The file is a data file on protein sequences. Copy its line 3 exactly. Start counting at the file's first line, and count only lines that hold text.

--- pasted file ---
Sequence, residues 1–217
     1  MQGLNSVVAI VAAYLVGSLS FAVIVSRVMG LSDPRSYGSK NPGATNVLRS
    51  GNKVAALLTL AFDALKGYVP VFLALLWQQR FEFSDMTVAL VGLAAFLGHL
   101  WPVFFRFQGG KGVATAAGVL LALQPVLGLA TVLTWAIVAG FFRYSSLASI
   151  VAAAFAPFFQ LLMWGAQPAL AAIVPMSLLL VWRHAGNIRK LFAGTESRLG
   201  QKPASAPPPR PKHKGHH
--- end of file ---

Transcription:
    51  GNKVAALLTL AFDALKGYVP VFLALLWQQR FEFSDMTVAL VGLAAFLGHL